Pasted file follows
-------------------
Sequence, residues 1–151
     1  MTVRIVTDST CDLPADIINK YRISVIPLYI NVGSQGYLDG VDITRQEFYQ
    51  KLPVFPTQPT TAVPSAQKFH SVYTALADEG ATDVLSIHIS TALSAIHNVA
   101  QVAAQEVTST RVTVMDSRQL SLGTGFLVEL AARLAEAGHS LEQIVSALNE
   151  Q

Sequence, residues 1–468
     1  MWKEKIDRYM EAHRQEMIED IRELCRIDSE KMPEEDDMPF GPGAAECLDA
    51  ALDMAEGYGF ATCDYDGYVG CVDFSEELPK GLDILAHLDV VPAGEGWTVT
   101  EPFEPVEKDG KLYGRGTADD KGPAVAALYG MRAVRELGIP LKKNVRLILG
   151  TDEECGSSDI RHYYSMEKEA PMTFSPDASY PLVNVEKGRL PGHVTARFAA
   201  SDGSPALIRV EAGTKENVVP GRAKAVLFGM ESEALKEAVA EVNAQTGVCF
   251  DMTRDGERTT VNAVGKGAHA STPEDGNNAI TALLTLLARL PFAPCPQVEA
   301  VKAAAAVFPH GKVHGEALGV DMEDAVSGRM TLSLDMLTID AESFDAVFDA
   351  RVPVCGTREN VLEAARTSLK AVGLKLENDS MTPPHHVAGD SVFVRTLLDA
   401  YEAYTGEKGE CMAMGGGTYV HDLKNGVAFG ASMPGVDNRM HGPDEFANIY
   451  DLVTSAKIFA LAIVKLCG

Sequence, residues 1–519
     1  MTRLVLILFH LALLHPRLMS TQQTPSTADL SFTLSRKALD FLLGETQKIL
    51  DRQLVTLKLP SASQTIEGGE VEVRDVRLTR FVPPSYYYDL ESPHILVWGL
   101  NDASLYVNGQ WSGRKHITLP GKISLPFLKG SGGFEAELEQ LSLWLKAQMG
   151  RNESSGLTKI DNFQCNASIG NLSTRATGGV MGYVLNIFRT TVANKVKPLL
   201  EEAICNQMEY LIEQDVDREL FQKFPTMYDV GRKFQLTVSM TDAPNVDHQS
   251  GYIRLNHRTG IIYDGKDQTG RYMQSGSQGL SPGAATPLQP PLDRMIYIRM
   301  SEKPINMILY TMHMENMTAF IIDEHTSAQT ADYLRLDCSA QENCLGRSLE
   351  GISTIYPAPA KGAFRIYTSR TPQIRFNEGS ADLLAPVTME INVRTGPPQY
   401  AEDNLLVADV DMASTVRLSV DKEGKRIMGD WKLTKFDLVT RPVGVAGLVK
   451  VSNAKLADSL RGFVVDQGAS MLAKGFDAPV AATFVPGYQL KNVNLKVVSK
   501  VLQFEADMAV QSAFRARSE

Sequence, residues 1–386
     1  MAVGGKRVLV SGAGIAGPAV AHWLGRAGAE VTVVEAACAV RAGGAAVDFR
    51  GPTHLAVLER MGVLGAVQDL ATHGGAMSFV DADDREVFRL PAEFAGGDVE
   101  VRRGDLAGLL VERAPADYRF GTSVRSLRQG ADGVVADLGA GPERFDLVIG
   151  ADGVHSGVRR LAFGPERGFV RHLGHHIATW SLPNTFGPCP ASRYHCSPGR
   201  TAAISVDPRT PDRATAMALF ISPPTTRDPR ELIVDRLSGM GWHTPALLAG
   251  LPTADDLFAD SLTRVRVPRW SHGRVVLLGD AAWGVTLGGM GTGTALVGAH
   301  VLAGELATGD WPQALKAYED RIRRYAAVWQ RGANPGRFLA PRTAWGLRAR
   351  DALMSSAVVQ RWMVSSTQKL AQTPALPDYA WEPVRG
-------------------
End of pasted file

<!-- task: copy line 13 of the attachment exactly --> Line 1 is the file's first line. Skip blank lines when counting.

   301  VKAAAAVFPH GKVHGEALGV DMEDAVSGRM TLSLDMLTID AESFDAVFDA